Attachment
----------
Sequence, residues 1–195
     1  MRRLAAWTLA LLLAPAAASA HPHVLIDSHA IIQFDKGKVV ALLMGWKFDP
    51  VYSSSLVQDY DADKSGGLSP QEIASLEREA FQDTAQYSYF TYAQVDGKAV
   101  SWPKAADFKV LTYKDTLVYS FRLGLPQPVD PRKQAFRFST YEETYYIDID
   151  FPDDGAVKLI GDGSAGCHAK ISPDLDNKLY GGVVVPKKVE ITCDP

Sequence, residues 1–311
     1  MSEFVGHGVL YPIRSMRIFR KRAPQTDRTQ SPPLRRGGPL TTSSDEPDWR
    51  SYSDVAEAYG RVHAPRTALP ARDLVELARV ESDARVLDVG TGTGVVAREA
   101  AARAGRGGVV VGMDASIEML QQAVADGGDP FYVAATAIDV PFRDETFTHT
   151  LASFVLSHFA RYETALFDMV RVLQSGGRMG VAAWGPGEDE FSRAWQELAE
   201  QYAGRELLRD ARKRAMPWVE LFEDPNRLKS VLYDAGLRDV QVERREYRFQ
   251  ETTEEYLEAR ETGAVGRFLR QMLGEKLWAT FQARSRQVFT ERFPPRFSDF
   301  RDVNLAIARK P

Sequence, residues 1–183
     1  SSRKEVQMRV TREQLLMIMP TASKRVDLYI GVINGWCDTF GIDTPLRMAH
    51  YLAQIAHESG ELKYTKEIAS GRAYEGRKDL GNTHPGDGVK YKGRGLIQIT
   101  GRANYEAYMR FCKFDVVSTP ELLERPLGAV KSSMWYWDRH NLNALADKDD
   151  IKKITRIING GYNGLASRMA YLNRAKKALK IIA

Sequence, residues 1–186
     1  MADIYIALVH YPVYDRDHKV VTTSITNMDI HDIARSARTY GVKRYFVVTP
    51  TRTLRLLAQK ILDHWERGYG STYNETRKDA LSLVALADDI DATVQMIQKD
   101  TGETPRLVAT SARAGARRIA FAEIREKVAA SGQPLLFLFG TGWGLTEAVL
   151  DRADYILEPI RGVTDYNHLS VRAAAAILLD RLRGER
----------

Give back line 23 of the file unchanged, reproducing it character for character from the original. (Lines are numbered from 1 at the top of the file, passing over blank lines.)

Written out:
   151  DRADYILEPI RGVTDYNHLS VRAAAAILLD RLRGER